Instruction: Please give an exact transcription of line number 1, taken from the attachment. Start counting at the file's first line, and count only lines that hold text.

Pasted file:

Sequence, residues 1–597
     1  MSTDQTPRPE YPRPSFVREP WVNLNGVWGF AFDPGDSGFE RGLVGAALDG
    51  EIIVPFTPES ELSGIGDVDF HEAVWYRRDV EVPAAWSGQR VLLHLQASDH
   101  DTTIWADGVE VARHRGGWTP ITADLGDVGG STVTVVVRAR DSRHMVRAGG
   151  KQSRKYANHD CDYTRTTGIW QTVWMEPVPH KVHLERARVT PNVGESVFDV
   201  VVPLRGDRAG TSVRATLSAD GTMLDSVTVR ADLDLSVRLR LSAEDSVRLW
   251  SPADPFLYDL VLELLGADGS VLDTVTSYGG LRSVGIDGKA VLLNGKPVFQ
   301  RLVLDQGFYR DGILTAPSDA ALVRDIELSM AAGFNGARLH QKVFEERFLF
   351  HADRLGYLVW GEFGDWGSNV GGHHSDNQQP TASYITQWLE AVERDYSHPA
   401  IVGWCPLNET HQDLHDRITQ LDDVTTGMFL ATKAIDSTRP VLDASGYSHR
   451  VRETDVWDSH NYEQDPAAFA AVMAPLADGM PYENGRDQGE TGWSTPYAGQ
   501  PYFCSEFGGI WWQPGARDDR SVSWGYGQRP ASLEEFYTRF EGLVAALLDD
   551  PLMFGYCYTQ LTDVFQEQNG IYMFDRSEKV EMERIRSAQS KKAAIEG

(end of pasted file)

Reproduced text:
Sequence, residues 1–597